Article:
Saturday, January 31, 2009


That was President Obama’s comment on this week's news that Wall Street Bankers had been paid a total of $18.4bn in bonuses for 2008. The very banks in fact that had just received a multibillion dollar bailout package from the government, i.e. the American taxpayer. The most blatant case being Merrill Lynch (annual loss 2008: $15.3bn) which paid bonuses earlier than normal in December, just before being taken over by Bank of America with expected new government funding of $20bn.

The news came on the day when we discussed the corruption perception index of Transparency International in class at Schulich. We had a nice discussion why it is that often poor countries range high on the list and one student suggested that in poorer countries bribes are just that much more seductive as people are relatively poorer, and therefore more tempted to take advantage of a situation. But its not just poverty: comparing Sweden and Italy – countries of similar wealth one could argue – it is interesting to see the difference of more than 4 points on the 10 point scale. Italy is a more collectivist culture, where family ties and long term relationships matter more than in individualistic and meritocratic countries.

From an ethical perspective the question really is: why is it so much more corrupt to succumb to the temptations of poverty or to give preferential treatment to friends and family (earning you a bad score on the TI index) than to do what has been standing practice in business now for decades: to reward managers according to the market performance of the assets under their fiduciary trust?

These practices raise eyebrows and produce anger (one has hardly seen Obama so agitated in 2 years on the campaign trail) now where these bonuses come directly out of the taxpayers’ pockets and happen in the face of utter failure of the rewarded managers. But in our view it just exacerbates the general issue: what exactly is the ethical justification for the explosion of executive compensation particularly in the Anglo-Saxon parts of the world? Being rewarded for success – fine. But more often than not, the link between stock prices and individual managers’ performance is more than tenuous.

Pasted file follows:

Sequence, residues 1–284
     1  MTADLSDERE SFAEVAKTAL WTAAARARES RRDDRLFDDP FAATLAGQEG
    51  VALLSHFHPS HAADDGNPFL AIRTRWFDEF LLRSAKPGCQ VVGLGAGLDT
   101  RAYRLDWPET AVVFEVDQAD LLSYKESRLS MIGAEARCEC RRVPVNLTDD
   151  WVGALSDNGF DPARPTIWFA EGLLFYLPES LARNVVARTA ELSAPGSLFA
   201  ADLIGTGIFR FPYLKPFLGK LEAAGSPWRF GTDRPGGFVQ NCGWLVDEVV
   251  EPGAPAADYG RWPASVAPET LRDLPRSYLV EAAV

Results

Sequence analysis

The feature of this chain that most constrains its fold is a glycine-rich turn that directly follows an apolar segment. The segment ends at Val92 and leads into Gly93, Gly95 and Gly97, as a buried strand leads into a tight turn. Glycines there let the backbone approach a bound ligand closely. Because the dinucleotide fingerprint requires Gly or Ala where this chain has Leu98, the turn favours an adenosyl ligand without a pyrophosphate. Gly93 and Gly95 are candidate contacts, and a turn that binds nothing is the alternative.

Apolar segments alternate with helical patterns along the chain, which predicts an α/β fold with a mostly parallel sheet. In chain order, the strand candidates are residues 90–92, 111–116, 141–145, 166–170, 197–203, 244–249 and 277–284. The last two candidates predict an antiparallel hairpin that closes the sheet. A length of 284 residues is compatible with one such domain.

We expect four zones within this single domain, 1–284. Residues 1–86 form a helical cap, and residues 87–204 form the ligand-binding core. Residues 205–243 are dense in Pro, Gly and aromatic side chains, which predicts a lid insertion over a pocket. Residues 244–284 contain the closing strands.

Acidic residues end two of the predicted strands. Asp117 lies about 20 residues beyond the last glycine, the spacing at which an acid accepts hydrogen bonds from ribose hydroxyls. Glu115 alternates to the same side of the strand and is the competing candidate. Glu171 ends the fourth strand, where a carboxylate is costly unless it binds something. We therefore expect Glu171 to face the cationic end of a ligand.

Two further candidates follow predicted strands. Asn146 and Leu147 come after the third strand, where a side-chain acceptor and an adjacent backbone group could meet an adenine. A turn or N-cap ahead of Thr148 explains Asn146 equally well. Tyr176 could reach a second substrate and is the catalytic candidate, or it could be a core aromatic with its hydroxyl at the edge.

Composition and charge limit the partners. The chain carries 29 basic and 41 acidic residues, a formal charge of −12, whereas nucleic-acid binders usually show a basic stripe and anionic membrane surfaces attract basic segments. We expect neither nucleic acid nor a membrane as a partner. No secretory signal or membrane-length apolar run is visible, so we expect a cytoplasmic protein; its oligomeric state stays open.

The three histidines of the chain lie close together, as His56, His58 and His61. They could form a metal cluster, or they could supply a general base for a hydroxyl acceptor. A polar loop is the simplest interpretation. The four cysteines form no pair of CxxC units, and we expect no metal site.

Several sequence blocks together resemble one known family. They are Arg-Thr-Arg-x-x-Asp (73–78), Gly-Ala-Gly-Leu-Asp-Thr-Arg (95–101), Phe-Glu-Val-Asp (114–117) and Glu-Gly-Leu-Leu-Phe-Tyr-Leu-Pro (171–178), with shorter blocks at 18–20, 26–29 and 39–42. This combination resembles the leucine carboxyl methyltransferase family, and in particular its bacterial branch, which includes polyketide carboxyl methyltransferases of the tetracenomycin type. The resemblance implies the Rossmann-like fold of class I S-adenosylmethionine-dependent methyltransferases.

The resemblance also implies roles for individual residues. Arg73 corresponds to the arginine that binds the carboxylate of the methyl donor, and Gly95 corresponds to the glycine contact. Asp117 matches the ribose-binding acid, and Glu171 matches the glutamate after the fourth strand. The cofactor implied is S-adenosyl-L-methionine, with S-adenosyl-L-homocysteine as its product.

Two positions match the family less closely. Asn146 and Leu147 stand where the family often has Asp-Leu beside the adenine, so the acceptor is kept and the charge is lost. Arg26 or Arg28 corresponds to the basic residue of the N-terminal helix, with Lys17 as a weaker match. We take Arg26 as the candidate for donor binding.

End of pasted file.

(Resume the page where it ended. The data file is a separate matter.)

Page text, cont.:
This ‘height of irresponsibility’ (Obama) will ask for new rules for the game. Obama will hardly avoid addressing this problem of executive compensation. Certainly in the eyes of most Americans (and the rest of us, for that matter) there is something deeply questionable about these practices. Bank of America CEO Thain has resigned over the scandal. Whether he paid back his bonus though was not reported…

1 comment:

  1. The example brought about with the corruption perception index is a very stimulating idea. How shameless it is for bankers to take home bonuses from bailout funds financed by the government, which came out of taxpayers’ pockets, when the bankers were the ultimate culprit of their companies’ failure. You mentioned, “This ‘height of irresponsibility’ (Obama) will ask for new rules for the game. Obama will hardly avoid addressing this problem of executive compensation.” Obama certainly took a firm stance in the issue fairly swiftly. He imposed a mandatory salary cap of $500,000 a year for top executives who resides in companies that receive funds from the bailout plan, whereby additional compensation to come in the form of stock.

    I agree completely with the idea that, “Being rewarded for success – fine. But more often than not, the link between stock prices and individual managers’ performance is more than tenuous.” Yet, as this compensation issue continues to unfold, it is all the more upsetting, and shocking, to read news reports that these executives are actually exploring ways to go around the salary cap that Obama imposed. They threaten to pull out stakes and resign from their positions if the Obama administration formalizes those limits. Honestly, how much more shameless can these executives be? In fact, most of my friends who just graduated make around $50,000 annually as they enter the workforce, one-tenth of the proposed half-million dollar annual limit. To think these top executives would be about to find a position with better pay in this market is like kids believing that Santa exists.

    I believe people who should be running corporations should not be these bankers who seem to be motivated solely by the instrumental satisfaction of attaining great financial compensation. There are abundant amount of qualified people who are willing to put in a hard day’s work for the opportunity to be part of a multibillion dollar, bulge-bracket corporations, for reasons that go beyond financial satisfaction. These people understand that there are times when money cannot trade for satisfaction. They understand that past a certain threshold, money provides little satisfaction. What they want is to make a difference in the world. And I believe these people, who have a far more profuse and concrete prospect of the company, should be the very ones running multibillion dollar corporations. Perhaps this issue will have a cleansing effect in the highest reaches of corporate power, as the greedy step down to make room for the virtuous.


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